31 January 2012

Nos moutons

Oh well, if we absolutely must discuss yesterday's EU Summit ...  Helpfully, The Guardian has a summary of the main conclusions:
25 countries endorsed the fiscal pact. They agreed to enshrine balanced budget legislation into their national law, with annual structural deficits capped at 0.5% of GDP. Transgressors face penalties of 0.1% of GDP, with fines being added to Europe's bailout fund, the European Stability Mechanism (ESM). The UK and the Czech Republic declined to sign.
The new Treaty on Stability, Coordination and Governance (SCG) will come into force once it has been passed by the parliaments of at least 12 countries that use the euro.
• Euro area leaders confirmed that they will reassess whether the ESM, and its forerunner the European Financial Stability Facility (EFSF), have sufficient resource. They still plan to bring the ESM into force in July 2012.
EU leaders agreed to a new drive to stimulate growth and create employment across the region, particularly for young people. Unused development funds will be used to create jobs. They also vowed to help small and medium enterprises to get access to credit, and to use the Single Market as a key driver for Europe's economic growth.
• Leaders also opposed the suggestion that a 'commissioner' should be installed in Greece to ovesee its budget decisions. French president Nicolas Sarkozy warned that this would be undemocratic, as "the recovery process in Greece can only be enacted by the Greeks themselves."
All a bit vague.  As usual, the details will be sorted out (or not) later.  No real sign of addressing the competitiveness issue.  Nor of what will happen when the troika report that Greece has only made limited progress towards the required austerity regime.

The only other point concerns Dave Cameron's acquiescence to the use of ECJ being used to assess which euro member states have been naughty boys when it comes to the observance of the new treaty.  Which rather invalidates the point of last month's veto.

This is going to drag on and on and on ...

Another fine mess

So what, exactly, is the coalition government's current position on bonuses in the public or quasi-public sector?  Or even, come to that, in the private sector?  The problem is not going to disappear.  As The Guardian reports:
... the government needs to decide how to treat pay and bonuses at nationalised and semi-nationalised companies that wish to recruit executives from the private sector. In RBS's case, there will be a row every January until the bank is sold – indeed, there will be more argy-bargy within weeks when executives below board level are handed their winnings. Doing nothing, while praying that Ed Miliband doesn't table a Commons motion, is not a policy.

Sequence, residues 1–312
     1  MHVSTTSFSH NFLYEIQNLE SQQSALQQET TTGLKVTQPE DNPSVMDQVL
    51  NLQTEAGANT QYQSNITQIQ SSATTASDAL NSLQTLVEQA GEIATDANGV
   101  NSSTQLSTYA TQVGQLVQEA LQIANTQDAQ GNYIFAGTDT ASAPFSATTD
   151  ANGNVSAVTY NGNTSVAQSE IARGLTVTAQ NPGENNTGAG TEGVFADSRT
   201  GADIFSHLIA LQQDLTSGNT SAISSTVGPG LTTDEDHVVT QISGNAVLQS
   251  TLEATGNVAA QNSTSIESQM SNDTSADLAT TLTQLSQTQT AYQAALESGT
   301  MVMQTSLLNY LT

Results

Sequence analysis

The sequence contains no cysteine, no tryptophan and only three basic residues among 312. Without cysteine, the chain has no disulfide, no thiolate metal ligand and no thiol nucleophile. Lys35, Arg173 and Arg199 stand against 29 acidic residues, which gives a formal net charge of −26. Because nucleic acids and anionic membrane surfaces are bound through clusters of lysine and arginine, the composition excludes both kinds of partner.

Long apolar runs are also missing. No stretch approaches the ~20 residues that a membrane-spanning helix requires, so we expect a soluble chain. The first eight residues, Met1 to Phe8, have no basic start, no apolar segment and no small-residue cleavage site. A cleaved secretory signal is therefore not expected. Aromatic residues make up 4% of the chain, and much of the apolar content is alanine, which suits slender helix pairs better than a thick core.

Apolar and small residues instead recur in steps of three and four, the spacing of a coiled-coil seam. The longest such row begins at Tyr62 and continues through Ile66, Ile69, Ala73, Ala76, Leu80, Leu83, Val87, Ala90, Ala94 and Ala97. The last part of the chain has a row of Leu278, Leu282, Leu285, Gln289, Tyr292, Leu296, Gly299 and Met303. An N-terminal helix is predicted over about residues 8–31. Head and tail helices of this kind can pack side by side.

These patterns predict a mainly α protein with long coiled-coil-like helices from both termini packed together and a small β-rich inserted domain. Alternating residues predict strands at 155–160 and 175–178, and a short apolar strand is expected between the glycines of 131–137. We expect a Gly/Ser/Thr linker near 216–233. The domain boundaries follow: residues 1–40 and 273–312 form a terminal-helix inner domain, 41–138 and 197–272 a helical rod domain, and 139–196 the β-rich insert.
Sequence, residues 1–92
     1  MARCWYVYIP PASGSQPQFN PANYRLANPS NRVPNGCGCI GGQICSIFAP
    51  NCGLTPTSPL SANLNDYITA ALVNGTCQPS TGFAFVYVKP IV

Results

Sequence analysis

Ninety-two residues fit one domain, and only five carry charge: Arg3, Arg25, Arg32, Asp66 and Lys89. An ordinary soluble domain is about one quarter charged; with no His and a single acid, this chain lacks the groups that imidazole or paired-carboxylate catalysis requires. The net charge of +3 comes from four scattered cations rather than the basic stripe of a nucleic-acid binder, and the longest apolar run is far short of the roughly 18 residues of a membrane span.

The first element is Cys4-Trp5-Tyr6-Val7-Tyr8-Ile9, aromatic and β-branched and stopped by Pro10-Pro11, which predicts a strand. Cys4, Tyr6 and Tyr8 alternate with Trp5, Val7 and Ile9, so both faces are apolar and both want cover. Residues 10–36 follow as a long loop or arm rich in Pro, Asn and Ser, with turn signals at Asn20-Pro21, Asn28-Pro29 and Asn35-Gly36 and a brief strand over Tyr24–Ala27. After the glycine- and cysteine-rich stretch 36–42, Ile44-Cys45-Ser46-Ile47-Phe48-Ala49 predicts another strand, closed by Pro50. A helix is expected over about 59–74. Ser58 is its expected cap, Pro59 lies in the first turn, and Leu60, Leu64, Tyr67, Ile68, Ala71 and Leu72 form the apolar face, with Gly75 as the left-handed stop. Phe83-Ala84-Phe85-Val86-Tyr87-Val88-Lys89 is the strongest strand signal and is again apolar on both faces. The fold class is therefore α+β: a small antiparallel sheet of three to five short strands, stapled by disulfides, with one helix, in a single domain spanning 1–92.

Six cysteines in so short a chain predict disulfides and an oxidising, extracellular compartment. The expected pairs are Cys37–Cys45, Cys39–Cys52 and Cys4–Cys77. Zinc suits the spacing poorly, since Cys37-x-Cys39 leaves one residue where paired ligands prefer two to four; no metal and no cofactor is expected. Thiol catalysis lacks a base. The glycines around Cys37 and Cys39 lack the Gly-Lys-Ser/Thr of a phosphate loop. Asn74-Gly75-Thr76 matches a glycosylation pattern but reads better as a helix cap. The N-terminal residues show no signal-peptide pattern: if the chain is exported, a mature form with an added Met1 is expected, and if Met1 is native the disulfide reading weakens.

29 January 2012

Dear Diary

Stephen Hester writes:
I wish I’d never taken the bloody job in the first place.  If I’d known that saving the biggest bank in the country would make me public enemy no 1, you wouldn’t have seen me for dust.

Bad enough that the maximum bonus to which I am entitled this year should be limited to a paltry couple of million, but Cameron had to play to the gallery and limit it to less than 50% of last year’s. So I’m to get £968,000 - huh, I don’t get out of bed for that kind of money.

And, now, that bastard Hampton has announced that he’ll give up his own bonus.  I do all the work and my snivelling coward of a chairman decides to pander to the Daily Mail, thus making me look even more like a money-grubbing bloated capitalist.

I tell you, it’s more than a banker can bear.  Well stuff them all.  I’ll give them another three months and then quietly resign.  They can search for some other patsy (if they can find one) to take the reins.  And I’ll sell all my RBS shares, because inevitably it’s destined for the knacker’s yard.


Just a thought ...

... from Victoria Coren in The Observer (here):
... the New Testament, if read as an economic tract, is innately rather socialist. It's all sharey-sharey. Jesus wanted everyone to get a bit of bread and fish. He was all about the divvying up and the helping one's neighbour. So, if Christianity is going to make itself heard on tax-and-spend policies, it has got to lean towards spreading the spoils around.
There's not much the bishops can do about that. Their hands are tied. The gospels say what they say. If their lordships wanted to support the idea that handing out bread and fish is bad for people because it demotivates them from doing their own baking and fishing, they'd really have to leave the pulpit and get a job on a tabloid.